MOSCOW – Russian opposition leader Alexei Navalny said Wednesday that one of his allies had been forcibly conscripted and sent to serve at a remote Arctic base, in a move his supporters said amounted to kidnapping.
Ruslan Shaveddinov, a project manager at Navalny’s anti-corruption foundation, went missing Monday after police broke into his Moscow flat and his phone’s SIM card was disabled.
He resurfaced Tuesday at a secret air defense base on the remote Novaya Zemlya archipelago in the Arctic Ocean, Navalny said.
Separating the Barents and Kara seas, the Novaya Zemlya islands were used by the Soviet Union to conduct nuclear tests.
“He has been unlawfully deprived of freedom,” Navalny — President Vladimir Putin’s top opponent — said in a blog post, calling the 23-year-old a “political prisoner.
The Russian military insisted that Shaveddinov had been dodging the draft for a long time.
Russian men are eligible for conscription between the ages of 18 and 27 and serve one year’s military service. However, many find ways to avoid this in a corrupt, flawed system.
Opposition supporters called for Shaveddinov’s release, staging protests in Moscow including outside army headquarters,
One of the placards read: “Mandatory military service is a tool of repression.”
“Happy New Year 1937,” said another placard, referring to the peak year of Stalin-era purges. “Ruslan Shaveddinov has been kidnapped by the FSB (security service) and exiled to Novaya Zemlya,” said the sign, according to photographs released by Navalny’s allies.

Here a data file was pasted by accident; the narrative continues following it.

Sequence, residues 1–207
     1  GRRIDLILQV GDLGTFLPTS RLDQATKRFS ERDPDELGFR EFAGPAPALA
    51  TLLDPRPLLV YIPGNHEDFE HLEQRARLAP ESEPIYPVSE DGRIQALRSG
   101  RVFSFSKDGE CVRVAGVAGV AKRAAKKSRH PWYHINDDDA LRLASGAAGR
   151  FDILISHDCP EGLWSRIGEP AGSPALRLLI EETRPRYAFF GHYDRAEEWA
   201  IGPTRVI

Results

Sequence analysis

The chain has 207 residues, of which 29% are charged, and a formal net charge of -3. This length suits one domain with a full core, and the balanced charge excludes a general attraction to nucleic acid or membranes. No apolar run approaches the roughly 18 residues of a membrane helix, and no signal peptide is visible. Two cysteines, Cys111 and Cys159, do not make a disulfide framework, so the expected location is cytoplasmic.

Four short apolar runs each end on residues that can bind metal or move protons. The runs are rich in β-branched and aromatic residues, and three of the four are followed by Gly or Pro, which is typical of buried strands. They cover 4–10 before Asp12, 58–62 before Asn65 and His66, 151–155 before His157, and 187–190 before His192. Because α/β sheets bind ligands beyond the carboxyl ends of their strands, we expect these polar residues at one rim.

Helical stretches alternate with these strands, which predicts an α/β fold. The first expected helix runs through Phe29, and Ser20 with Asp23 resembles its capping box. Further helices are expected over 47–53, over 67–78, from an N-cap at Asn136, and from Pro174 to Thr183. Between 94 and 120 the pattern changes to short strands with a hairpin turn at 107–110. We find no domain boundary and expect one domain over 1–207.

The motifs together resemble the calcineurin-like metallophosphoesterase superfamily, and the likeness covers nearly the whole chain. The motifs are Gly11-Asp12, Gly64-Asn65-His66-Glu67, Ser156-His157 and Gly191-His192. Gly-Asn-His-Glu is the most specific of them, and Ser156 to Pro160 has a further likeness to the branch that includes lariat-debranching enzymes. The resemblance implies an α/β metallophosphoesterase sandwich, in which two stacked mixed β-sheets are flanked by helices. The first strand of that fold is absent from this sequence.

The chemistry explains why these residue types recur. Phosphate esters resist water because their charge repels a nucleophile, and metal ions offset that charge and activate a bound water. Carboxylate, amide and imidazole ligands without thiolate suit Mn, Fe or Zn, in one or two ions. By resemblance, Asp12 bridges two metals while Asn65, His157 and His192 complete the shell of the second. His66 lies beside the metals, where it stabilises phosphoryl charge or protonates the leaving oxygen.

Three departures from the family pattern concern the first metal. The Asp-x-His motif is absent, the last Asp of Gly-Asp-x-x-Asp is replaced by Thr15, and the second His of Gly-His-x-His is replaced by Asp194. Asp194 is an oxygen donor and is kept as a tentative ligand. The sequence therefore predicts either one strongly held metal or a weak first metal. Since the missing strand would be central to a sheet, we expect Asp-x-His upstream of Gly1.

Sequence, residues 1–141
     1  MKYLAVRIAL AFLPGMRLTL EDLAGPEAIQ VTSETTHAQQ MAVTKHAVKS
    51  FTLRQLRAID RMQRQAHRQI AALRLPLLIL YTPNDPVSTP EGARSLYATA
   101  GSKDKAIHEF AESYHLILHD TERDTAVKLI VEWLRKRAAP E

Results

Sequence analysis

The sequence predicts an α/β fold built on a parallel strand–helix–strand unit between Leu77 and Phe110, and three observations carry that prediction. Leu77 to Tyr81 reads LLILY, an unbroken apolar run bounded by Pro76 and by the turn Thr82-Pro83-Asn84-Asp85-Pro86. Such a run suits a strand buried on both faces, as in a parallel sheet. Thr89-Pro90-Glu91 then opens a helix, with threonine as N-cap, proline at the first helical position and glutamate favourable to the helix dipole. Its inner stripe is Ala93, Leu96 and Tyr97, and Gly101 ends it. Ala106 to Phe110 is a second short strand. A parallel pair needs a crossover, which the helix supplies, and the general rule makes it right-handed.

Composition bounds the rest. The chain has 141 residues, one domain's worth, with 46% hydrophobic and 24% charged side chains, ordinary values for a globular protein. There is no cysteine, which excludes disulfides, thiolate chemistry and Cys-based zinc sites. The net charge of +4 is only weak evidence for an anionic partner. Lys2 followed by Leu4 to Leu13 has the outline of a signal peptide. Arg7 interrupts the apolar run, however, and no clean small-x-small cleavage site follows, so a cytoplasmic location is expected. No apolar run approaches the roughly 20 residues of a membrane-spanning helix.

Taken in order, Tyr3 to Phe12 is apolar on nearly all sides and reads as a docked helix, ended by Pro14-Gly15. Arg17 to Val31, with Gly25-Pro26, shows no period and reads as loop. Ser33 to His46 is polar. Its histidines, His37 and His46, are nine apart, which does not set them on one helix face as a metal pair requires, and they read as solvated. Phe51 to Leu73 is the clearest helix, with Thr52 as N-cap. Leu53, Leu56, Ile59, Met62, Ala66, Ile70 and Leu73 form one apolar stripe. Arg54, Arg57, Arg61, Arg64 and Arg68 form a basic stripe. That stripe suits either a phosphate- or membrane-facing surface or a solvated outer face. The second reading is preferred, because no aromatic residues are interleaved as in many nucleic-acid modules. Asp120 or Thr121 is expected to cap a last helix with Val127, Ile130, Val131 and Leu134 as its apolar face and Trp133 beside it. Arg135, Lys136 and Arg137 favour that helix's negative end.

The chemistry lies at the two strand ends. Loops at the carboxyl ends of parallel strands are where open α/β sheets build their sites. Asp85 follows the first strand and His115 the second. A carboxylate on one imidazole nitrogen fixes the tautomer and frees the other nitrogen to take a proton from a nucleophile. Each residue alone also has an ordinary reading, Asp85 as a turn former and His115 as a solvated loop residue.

Navalny said Shaveddinov has a medical condition that disqualifies him for military service but that he was forcibly drafted and sent to the Arctic base without basic training.
Vyacheslav Gimadi, a lawyer for Navalny’s foundation, said Defense Minister Sergei Shoigu and commander-in-chief Putin were directly responsible for what he claimed was an act of “kidnapping.
Navalny’s spokeswoman Kira Yarmysh, who is Shaveddinov’s partner, said Shaveddinov had recently acted as a contact person for opposition lawmakers in Moscow city parliament.
“Perhaps this is the reason this has happened,” Yarmysh told AFP.
She said Shaveddinov had managed to call her from Novaya Zemlya using other people’s phones.
Navalny said Shaveddinov was not allowed to communicate with the outside world or use a phone, unlike other servicemen.
The military also assigned a man to follow Shaveddinov all the time, he added.
“The armed forces themselves don’t know what the hell they should do with him,” Navalny said.
Putin’s spokesman, Dmitry Peskov, told reporters he did not know whether Shaveddinov had been dodging the draft.
“If he had and was drafted in this manner then everything was done in strict accordance with the law.”
But prominent rights campaigner Valentina Melnikova told AFP it was unusual for the authorities to send conscripts to remote Arctic outposts known for harsh weather conditions and long polar nights.
Melnikova, head of the Union of the Committees of Soldiers Mothers of Russia, accused officials of violating all possible conscription procedures in Shaveddinov’s case.
Authorities have been steadily ramping up pressure on Navalny and his allies in recent years.
The 43-year-old helped organize major protests against the government this summer when tens of thousands took to the streets of Moscow to demand fair elections.
A number of people received jail terms for taking part in those protests.
Opposition supporters said the treatment of Shaveddinov was a new low in Moscow’s fight against dissenters.
“Forcing people to live in extreme conditions is sadism,” said political observer Igor Yakovenko, adding that punishing members of the opposition by sending them to the Arctic was a “crime.”